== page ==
Friday, April 25, 2014

Natural Resources and the Terms of Trade

I stumbled on this while looking for something else – the Singer-Prebisch thesis. What Singer and Prebisch found (separately and concurrently) is that the terms of trade between primary commodities and manufactures was declining over time. If true, this empirical observation has profound implications for economic development.

Let me explain that in English.

The terms of trade, put simply, is the amount of imports you can “buy” with one unit of exports. In other words, it measures the purchasing power of exports.

If your terms of trade are declining over time, you have to keep producing more and more just to be able to afford the same quantity and value of imports. But commodity production is subject to inelastic supply – it’s extremely difficult to continually ramp up production.

Thursday, April 17, 2014

Spare The Float, Ruin The Economy

I respect TDM a great deal for many of things he’s done. His macro policy recommendations need a lot of work though (excerpt):

Peg ringgit to create environment of certainty in market -- Dr M

KUALA LUMPUR: The ringgit should be pegged at RM2.80 to the US dollar in order to create an environment of certainty in the market, said former Prime Minister Tun Dr Mahathir Mohamad.

Dr Mahathir said the peg would also help businesses manage the rising costs of doing business.

"If the exchange rate is fixed at one rate, it will help businesses plan their budgets for the year, knowing exactly that there the value of the ringgit will not change," he said….

March 2014 Consumer Prices

March is the first month that we can see the impact on inflation from all those subsidy cuts and rate hikes in the last six months. It’s also the first month where we’re completely clear from the seasonal effect of CNY. The prognosis – nuthin’ much going on (log annual and monthly changes; 2000=100):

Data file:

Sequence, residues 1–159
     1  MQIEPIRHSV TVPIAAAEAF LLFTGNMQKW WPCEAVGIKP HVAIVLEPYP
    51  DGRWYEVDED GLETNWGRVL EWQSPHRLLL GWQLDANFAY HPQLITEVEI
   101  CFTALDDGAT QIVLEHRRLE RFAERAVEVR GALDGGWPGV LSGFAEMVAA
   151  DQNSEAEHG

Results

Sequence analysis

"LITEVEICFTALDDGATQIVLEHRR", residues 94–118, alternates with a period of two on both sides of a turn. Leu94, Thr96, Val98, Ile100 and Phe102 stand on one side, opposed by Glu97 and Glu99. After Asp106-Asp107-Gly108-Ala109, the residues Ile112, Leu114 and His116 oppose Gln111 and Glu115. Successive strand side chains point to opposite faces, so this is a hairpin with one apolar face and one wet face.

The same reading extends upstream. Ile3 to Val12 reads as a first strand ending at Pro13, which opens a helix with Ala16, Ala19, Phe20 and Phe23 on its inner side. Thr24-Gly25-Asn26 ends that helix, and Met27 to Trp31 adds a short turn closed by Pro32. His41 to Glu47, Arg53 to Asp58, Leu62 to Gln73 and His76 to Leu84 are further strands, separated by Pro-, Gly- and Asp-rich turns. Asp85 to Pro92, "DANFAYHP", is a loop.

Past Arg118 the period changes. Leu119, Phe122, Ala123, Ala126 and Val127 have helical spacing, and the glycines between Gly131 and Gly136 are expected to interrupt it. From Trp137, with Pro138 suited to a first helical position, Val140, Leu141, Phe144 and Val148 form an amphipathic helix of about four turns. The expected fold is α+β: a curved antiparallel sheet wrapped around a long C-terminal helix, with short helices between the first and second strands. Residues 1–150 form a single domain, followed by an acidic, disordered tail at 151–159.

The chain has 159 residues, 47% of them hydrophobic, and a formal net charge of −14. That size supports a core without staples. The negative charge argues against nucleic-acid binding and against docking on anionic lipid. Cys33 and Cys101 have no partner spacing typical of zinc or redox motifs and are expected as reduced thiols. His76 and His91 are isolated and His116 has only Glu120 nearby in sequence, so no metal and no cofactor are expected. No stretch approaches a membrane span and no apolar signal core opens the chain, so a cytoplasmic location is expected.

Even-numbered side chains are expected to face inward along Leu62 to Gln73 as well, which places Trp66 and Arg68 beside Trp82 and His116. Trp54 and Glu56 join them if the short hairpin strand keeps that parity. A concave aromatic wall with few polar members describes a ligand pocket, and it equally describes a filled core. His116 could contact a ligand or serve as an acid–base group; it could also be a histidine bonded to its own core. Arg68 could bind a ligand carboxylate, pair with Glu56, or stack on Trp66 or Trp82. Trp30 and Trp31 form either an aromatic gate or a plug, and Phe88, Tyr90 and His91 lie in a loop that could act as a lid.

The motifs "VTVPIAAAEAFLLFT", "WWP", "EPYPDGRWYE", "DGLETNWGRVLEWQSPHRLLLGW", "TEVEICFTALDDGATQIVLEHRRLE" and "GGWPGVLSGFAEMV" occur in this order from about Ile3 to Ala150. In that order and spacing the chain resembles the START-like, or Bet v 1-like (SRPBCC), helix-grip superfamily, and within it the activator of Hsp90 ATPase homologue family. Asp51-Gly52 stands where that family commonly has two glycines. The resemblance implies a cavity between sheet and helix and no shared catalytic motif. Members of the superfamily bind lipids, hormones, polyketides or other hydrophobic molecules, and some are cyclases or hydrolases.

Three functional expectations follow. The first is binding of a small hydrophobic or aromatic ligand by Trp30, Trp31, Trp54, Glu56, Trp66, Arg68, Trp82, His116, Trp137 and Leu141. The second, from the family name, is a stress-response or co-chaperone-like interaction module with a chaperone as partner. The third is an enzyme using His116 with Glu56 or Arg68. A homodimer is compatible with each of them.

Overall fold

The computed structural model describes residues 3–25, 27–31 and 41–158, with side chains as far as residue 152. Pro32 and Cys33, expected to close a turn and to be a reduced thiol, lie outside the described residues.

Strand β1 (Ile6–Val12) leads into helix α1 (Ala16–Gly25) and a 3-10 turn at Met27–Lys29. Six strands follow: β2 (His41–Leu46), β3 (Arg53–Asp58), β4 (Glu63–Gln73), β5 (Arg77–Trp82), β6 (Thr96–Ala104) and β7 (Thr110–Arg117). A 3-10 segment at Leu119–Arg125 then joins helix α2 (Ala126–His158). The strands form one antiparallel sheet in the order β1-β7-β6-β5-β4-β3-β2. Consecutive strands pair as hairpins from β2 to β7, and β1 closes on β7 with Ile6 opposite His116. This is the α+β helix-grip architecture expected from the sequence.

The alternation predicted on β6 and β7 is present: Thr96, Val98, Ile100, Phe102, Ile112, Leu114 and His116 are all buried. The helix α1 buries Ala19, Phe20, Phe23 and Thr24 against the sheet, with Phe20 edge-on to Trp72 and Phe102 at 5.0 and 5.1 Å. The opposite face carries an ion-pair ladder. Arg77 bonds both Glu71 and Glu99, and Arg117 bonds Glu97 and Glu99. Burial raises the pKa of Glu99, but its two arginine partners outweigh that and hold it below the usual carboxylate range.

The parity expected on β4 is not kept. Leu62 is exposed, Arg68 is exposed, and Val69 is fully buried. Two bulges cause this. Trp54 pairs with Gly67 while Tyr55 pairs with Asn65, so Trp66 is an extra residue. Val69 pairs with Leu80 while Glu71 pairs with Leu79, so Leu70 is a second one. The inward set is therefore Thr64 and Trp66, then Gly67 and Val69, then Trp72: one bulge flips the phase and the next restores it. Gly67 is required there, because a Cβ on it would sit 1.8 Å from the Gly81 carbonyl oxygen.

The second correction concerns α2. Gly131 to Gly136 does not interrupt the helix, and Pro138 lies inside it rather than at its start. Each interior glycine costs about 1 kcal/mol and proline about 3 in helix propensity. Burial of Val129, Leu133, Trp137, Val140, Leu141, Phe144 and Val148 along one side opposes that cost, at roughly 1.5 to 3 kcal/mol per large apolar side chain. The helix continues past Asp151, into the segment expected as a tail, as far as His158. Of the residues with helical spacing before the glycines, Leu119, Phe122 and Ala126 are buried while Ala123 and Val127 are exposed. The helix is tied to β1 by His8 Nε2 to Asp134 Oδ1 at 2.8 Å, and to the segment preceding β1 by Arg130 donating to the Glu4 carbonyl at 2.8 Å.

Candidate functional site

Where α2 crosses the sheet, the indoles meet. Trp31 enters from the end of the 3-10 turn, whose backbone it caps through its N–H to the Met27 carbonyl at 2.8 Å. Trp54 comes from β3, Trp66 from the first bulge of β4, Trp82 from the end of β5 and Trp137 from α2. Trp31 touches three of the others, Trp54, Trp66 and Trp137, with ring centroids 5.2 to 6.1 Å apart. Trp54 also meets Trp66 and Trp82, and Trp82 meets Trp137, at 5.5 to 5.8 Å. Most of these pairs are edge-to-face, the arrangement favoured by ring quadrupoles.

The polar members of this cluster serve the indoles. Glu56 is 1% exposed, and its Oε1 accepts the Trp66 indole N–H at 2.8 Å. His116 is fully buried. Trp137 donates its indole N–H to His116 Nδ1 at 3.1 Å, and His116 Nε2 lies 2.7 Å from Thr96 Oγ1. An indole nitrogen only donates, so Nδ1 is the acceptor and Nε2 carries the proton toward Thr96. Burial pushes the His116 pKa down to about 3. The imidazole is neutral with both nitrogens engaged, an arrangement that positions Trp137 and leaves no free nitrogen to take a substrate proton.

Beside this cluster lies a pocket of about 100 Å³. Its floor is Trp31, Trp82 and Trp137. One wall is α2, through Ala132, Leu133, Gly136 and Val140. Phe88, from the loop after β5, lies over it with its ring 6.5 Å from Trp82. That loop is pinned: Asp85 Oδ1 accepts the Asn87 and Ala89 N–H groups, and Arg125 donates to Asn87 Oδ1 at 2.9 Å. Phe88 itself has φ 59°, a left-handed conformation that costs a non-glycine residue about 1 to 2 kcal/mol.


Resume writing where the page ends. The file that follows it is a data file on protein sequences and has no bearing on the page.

While the headline rate is still elevated on a y-o-y basis, price increases have fallen back to “normal” levels. Core inflation is a little higher than the average for the last 5 years, but food and energy prices barely budged.

Tuesday, April 15, 2014

Prices Versus Rationing

Give credit where its due. Good policy is good policy, never mind the politics or election promises (excerpt):

Penang to go ahead with water tariff hike despite criticism

The Penang government is standing by its decision to increase water tariffs despite coming under fire over the move.

Chief Minister Lim Guan Eng (pic) said the state is willing to bite the bullet and raise water tariffs in view of climate change and the worsening drought.

He assured that Penang would still enjoy the lowest water tariffs in the country.

"We are facing a climate crisis and water consumption in Penang is the highest in the nation at 311 litres per capita per day. The national average is only 212 litres.

"Such high water consumption is not sustainable and if left unchecked, Penang will have no choice but to resort to water rationing in the future.

"We have to be a responsible government. We will bite the bullet and do this (raise the tariffs). We are willing to face the criticism," he told reporters today.

Monday, April 14, 2014

February 2014 Industrial Production

Last week’s IPI numbers gave me a headache – it’s part of another rebasing exercise, this time to 2010, which required a bit of work to splice – but things are looking up (log annual and monthly changes; seasonally adjusted; 2000=100):



Wednesday, April 9, 2014

February 2014 Monetary Conditions

I was really concerned when I first heard the news last week. After having a peek at the data, I’m don’t feel much better (log annual and monthly changes):


M2 growth is pretty weak at a tad over 6%, even after taking into account CNY effects. Overall, money supply growth has been below 8% for the last eight months. That’s uncomfortably low – lower than I’d like it to be. It implies either slower growth, or disinflationary pressure.

Monday, April 7, 2014

The Broadening Scope Of Economic Jobs

It used to be that being an economist, you’d end up working for the government, in academia, or in the financial sector. Nowadays, the market for an economist is much, much wider.

Take for example the following:

  1. Google and Youtube are looking for quants, to help analyse “large, complex datasets”;
  2. Amazon is looking for economists to, “apply the frontier of economic thinking to market design, pricing, forecasting, online advertising and other areas.”
  3. Twitter is looking for help to, “analyze data and answer complex questions related to users, advertisers, and revenue.”
  4. Qualcomm, who’s processors are at the heart of many smartphones today, are looking for someone to join their intellectual property team, to help advise on IP policy issues.

It’s a much wider job market than it used to be, and there’s never been a better time to be armed with an economics degree.

However, there are a couple of common threads running through all these “uncommon” jobs – a statistics/econometrics background is absolutely required, and a Masters degree is the minimum entry level qualification (PhD preferred).

Time to start hitting those books again, guys and gals.

Tuesday, April 1, 2014

Structural Break In Monetary And Financial Data